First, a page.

Almost Half Of Working Age Disabled People Have Experienced Chronic Loneliness

by Allana Grant

1 month ago

Shocking new research reveals that almost half of working age disabled people experience chronic loneliness

Slade and Wizard blaring out from every other shop you pass on the high street, office parties galore and endless television adverts portraying a vision of a perfect family Christmas. These days, it seems as if there is a lot of pressure on us to be happy and to enjoy ourselves during the festive season. The reality for many of the estimated 13.3 million people in the UK, who live with a disability however, is that they experience increased feelings of loneliness and unhappiness at this time of year.

New Scope research uncovers an epidemic of chronic loneliness

The results of recent research carried out by the UK’s leading disability charity Scope has lifted the lid on the chronic loneliness all too often experienced by disabled people; especially those of working age. The charity conducted an on-line Opinium poll of 1,004 disabled UK adults; the results of which found that a staggering 67% of disabled people reported experiencing feelings of loneliness on at least one occasion in the past year. This figure increased markedly to 76% for those of working age; with 45% of this group of respondents going as far as to say that they are chronically lonely: in other words, they report experiencing feelings of loneliness always or often. This represents a worrying trend indeed, but you can only truly grasp the extent of the problem once you extrapolate these figures to the general population. Our 45% then equates to 3 million working age disabled people across the whole of the UK.

Of even more concern however, is that more than half of those who identify as being chronically lonely claimed to have experienced depression, anxiety, or stress as a result.

Speaking about the survey’s findings, CEO of scope, Mark Atkinson said:

 “Our new research has exposed the hidden reality of many disabled people’s lives. It’s scandalous that nearly half of disabled adults experience chronic loneliness, and the vast majority of young disabled adults are lonely.”

Why do so many disabled people feel lonely?

There are a number of economic and social factors which contribute to such high levels of loneliness amongst the disabled population. Not least, the increased living costs which many incur as a matter of course in their daily lives; making socialising and visiting friends or relatives more difficult. In addition to which, underfunding in the social care system means that many disabled people do not receive even basic support and therefore, simply cannot afford the lifestyle they would otherwise choose for themselves.

On a more physical level, poor access to services, public transport and buildings often result in disabled people being unable to participate in activities or social events in the same way as their non-disabled peers. This can make friendships difficult to maintain and in the end leads to people feeling excluded from society.

Social attitudes can also prove to be a significant barrier to disabled people interacting with their local communities. Many people, upon meeting a disabled person, still act awkwardly around them; struggling to see past an impairment or condition to the capable intelligent person who does not want to be defined by their disability. One in four people have admitted to avoiding conversations with disabled people because they worry about causing offence or don’t know what to say.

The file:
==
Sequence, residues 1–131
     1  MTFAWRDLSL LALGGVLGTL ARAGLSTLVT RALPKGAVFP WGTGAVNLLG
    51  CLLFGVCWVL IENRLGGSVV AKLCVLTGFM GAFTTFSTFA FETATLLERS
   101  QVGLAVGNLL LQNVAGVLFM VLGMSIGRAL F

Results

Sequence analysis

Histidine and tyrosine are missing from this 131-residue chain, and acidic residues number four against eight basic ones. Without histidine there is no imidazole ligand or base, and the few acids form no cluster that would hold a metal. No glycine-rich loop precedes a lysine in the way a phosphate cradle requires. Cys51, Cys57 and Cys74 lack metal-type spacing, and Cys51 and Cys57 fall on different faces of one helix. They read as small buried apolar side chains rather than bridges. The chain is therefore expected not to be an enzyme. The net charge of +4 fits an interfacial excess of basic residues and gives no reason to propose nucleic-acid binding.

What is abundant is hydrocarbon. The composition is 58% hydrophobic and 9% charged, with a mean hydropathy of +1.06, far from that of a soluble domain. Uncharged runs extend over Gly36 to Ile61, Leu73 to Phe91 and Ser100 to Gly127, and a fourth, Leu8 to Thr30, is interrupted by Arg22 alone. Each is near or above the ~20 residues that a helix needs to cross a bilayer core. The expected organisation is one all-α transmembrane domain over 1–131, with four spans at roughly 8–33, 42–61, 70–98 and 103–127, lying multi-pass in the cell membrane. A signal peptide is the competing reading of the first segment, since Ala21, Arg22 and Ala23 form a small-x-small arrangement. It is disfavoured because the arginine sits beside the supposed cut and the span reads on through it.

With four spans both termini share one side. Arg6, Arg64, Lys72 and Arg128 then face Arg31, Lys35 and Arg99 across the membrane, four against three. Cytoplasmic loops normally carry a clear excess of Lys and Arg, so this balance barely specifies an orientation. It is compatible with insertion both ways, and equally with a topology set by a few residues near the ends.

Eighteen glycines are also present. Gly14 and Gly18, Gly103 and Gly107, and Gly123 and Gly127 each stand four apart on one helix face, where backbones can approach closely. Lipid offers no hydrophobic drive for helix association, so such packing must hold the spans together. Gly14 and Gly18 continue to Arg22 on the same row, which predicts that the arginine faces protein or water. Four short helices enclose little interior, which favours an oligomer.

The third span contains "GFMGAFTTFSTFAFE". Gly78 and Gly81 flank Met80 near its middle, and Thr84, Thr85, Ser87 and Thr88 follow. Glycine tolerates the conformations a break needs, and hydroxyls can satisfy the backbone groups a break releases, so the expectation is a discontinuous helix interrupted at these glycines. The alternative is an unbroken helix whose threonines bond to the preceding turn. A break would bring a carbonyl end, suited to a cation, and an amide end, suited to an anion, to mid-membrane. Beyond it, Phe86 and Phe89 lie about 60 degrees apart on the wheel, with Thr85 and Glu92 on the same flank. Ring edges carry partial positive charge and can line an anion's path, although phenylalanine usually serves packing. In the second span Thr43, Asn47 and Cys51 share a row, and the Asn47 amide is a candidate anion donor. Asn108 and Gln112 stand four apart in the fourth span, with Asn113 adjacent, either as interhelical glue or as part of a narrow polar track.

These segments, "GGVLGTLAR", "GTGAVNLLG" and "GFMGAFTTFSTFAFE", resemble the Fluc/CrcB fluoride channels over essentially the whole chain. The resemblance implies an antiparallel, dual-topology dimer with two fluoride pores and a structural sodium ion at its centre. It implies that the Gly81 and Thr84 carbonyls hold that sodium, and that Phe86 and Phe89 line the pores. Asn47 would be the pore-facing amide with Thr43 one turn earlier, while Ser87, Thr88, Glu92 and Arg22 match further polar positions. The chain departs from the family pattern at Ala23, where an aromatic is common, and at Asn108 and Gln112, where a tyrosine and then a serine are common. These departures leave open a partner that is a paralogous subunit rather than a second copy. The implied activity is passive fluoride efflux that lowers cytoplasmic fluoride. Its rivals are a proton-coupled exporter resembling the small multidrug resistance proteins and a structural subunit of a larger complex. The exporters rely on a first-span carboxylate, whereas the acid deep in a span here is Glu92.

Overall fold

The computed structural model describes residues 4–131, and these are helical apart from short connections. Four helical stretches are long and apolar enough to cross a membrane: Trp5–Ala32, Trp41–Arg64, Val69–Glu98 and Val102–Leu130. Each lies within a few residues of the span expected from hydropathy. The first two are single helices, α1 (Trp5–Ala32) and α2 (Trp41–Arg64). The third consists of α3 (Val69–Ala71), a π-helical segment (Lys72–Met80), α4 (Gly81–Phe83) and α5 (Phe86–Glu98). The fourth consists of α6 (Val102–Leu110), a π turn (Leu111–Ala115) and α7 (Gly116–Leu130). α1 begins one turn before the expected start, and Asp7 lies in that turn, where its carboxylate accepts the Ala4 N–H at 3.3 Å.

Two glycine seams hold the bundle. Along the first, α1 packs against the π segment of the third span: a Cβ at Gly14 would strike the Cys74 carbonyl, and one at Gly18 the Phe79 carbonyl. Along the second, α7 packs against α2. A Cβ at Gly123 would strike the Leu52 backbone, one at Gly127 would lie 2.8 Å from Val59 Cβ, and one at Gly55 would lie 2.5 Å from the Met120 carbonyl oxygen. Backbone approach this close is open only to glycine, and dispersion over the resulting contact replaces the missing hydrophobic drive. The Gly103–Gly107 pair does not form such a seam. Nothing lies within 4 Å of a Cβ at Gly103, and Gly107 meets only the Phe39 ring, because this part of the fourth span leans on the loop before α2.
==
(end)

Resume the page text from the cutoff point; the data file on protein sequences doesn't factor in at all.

Combatting the loneliness epidemic.

So just how do we go about combatting the growing isolation and loneliness in the UK’s disabled community? Mark Atkinson believes that some of the answers at least lie with Theresa May’s government, saying:

“We urge the government to develop a cross-departmental disability strategy. They need to ensure that the investment we make in social care and benefits provides a decent standard of living for disabled people, rather than allowing loneliness and isolation to thrive.”

In the days following the publication of the results of the survey, Scope, for their part, launched their ‘What I need to Say’ campaign. Sharing first-hand accounts from members of the Scope community, the campaign highlights the isolation that millions of disabled people habitually face. By doing just that, Scope hopes in the long-term to effect social change and to ensure that disabled people are fully included in society, in local communities, both at home and in schools and in cultural life.

In the short term however, the focus of the campaign is very much on raising enough funds to support the anticipated 4 thousand people plus who will call their helpline for advice or to hear a friendly understanding voice this Christmas. For those disabled people, or families of disabled children, who turn to Scope, Christmas is something to dread. Far from having a packed social calendar, overindulging and being surrounded by friends and family; it is the time when they feel loneliest.

Reflecting on the value of a resource like the helpline service, Mark Atkinson said:

“We know from the emotional support, advice and information we provide to disabled people and their families how important it is to feel connected, and be part of society.”

For this reason, the Scope team is urging us all to ensure that vulnerable people, who feel they have nowhere else to turn, receive the support they need. You can do so by getting involved with the campaign; whether it be making a donation, spreading the message about the loneliness epidemic or simply giving someone you know a call to see how they are doing. To find out more visit: https://christmas.scope.org.uk/whatineedtosay/